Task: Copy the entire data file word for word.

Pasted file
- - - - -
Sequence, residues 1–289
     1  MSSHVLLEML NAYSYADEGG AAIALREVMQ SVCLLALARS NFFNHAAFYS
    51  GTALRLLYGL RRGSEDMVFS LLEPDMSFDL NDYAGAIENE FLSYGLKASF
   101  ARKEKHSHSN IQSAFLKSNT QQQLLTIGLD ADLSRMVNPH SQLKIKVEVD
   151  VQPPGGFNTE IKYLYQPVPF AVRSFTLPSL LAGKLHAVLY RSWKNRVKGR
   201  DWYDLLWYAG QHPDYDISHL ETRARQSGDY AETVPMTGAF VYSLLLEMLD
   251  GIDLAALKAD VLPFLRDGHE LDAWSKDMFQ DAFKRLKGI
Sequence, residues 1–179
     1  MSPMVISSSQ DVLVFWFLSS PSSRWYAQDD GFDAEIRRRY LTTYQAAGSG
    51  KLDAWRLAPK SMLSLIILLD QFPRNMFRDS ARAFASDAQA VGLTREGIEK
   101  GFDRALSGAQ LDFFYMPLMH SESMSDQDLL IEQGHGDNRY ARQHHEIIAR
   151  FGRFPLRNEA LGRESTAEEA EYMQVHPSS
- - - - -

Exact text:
Sequence, residues 1–289
     1  MSSHVLLEML NAYSYADEGG AAIALREVMQ SVCLLALARS NFFNHAAFYS
    51  GTALRLLYGL RRGSEDMVFS LLEPDMSFDL NDYAGAIENE FLSYGLKASF
   101  ARKEKHSHSN IQSAFLKSNT QQQLLTIGLD ADLSRMVNPH SQLKIKVEVD
   151  VQPPGGFNTE IKYLYQPVPF AVRSFTLPSL LAGKLHAVLY RSWKNRVKGR
   201  DWYDLLWYAG QHPDYDISHL ETRARQSGDY AETVPMTGAF VYSLLLEMLD
   251  GIDLAALKAD VLPFLRDGHE LDAWSKDMFQ DAFKRLKGI
Sequence, residues 1–179
     1  MSPMVISSSQ DVLVFWFLSS PSSRWYAQDD GFDAEIRRRY LTTYQAAGSG
    51  KLDAWRLAPK SMLSLIILLD QFPRNMFRDS ARAFASDAQA VGLTREGIEK
   101  GFDRALSGAQ LDFFYMPLMH SESMSDQDLL IEQGHGDNRY ARQHHEIIAR
   151  FGRFPLRNEA LGRESTAEEA EYMQVHPSS